Character of Brlinda in The Rape of the Lock by Alexander Pope

Character of Brlinda in The Rape of the Lock by Alexander Pope

Belinda: A Central Character of the Mock-epic

Belinda is a central character of the play. Opening lines of the poem make it very clear to the readers that Belinda is the central character and heroine of this mock-epic. Belinda is a complex character in Rape of the Lock. Her character is presented under different roles and shades. Her depiction is both satirical and ironical but with a tincture of entertainment. There are lots of controversies among critics about character of Belinda since the publication of the Rape of the Lock. Some consider Belinda’s treatment fair while others consider it unfair.

The whole story of the poem is woven around her unique character. Her every action in the poem is of great significance and catches the attention of the readers. Readers come to know about her way of life and pursuits.

“Favours to none, to all she smiles extends

Oft she rejects, but never once offends,”

Famous Character Among English Literature

Belinda’s character is an outstanding portrait by Pope in his mock epic The rape of the lock. Among all the other heroines in English Literature like Shakespeare’s Caleopetra Ophillia Emillia; Fielding’s Pameila; Eliot’s Maggi; Belinda had been the favorite character of Pop. The way Pope pays attributes to Belinda’s beauty with his pen; it seems that he has been enamored with his own creation. Pope describes her paragon of beauty and wittiness: the goddess of beauty, the nymph, the fair, the rival of the sun’s beams. Pope’s Belinda resembles Shakespeare’s Cleopatra. Like her, she is a paragon of beauty and the winner of men of her age.

 “This nymph, to the destruction of mankind,

Nourish’d two locks, which gracefully hung behind”

An Object of Admiration and Mockery

“Law In these labyrinths his slaves detains,

And mighty hearts ate held in slender chains”

Belinda is a perfect creation of wit and beauty. Pope describes the way she paints and decorates herself with ornaments, diamonds, powders, patches, perfumes and puffs in front of a mirror. Then she leaves to win the heart of lovers.

“Favours to none, to all she smiles extends

Oft she rejects, but never once offends,”

Pope depicts that she passes smiles to the all to win them and flirt on them. All the young fall in spell of her beauty. Her sunny smiles, polished manners, and large shiny eyes make her a perfect trap for the young. Pope mocks at her the way she goes out to Hampton court and participates in different pursuits there. There her pretty locks are raped by the Baron. Pope mocks at her fight with the help of snuff and bodkin. Pope compares her eyes to the sun beams. He places the sun as a rival of Belinda’s eyes.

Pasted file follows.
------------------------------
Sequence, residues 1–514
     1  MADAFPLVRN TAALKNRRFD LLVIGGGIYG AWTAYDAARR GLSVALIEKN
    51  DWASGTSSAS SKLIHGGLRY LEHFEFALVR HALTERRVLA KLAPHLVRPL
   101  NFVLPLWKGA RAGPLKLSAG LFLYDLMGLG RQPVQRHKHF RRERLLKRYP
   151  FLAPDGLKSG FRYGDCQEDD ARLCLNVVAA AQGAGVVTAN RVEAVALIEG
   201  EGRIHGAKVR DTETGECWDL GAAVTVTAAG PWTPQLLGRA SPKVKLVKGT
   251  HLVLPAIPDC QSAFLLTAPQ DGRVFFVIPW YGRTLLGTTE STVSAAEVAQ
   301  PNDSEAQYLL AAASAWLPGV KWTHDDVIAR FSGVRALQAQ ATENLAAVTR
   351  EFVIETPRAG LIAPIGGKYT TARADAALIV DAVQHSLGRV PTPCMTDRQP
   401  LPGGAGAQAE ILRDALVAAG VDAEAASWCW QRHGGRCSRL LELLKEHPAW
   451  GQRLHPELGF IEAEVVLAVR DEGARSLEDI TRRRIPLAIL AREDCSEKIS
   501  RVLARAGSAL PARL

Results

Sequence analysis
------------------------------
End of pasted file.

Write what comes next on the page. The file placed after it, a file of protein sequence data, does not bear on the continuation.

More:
“Bright as the sun, her eyes the gazers strike.

And, like the sun, the shines on all alike”

Pope admires her for her beauty but on the other hand he also mocks her. There is no doubt that Belinda is a beautiful and charming lady but the way she flirts is mocking and satirizing. Belinda is both an object of mockery and admiration. As a representative of her social class, she is mocked at. She is almost presented as a goddess of beauty. Pope depicts the picture of her toilet describing different items at her mirror table.

“Here files of pains extend their shining rows,

Puffs, powders, patches, bibles, blllet-doux,”

Pope mocks at her that how she was fond of pets. Keeping pets was one of the common pursuits of the society. Pope satirizes the ladies who mourn the death of their pets but not their husbands.  

“Not louder shrieks to pitying Heaven are cast,

When husbands, or when lapdogs breathe their last”

Representative of Social Class of 18th Century

Belinda is a true representative of fashionable, aristocratic ladies of Popes age. Pope calls her a moving toy shop who keeps flirting. All the ladies of that age were regarded as petty triflers, devoid of serious concerns with life, and engaged in trifling pursuits like playing cards, having pets, sleeping till noon, dance and gaiety. Belinda’s fall represents the corruption of her class. Pope satirizes the flippancy and depravity of 18th century English society through Belinda’s Character.

“Here files of pains extend their shining rows,

Puffs, powders, patches, bibles, billet-doux”

Various Traits of Belinda’s Character

Belinda is a lady of a romantic nature. She keeps a lively and agile look on her face. She is carefully polite to everyone, and passes her gentle smile to everyone who comes to her as the sun sheds its warmth on everyone. Her physical attraction is enchanting and can shake the faith of anyone. She reveals to us her coquetry and shrewdness. She is totally blind with a sense of pride and arrogance. On the other hand, Belinda is a lady of emotions. She is extremely joyful when she gains victory. We can judge her emotions when she fights with baron and shows the extreme of being exceedingly sorrowful and tearful. Belinda lacks spirituality. She is cautious about her personal reputation rather than spiritual purity and has no sense of moral integrity.

Belinda’s Character in a Nutshell

By concluding all above discussion, we can dare to say that among all the outstanding female characters of English Literature, Belinda is the much more complex character than any other. She is not an individual character but a true depiction of the aristocratic class of 18th century England. Her character reveals the aimlessness, shallowness and purposelessness of the women of Pope’s age. Pope worshiped her beauty clearly and had a prime respect for a girl of charms. The way Pope used a lofty and sublime wording to pay attribution to her heroine in his poem of the “Rape of the Lock“, no other writer had given such sort of honor to his heroine. 

“If to her share some female errors fall, 

Look on her face, and you’ll forget all”

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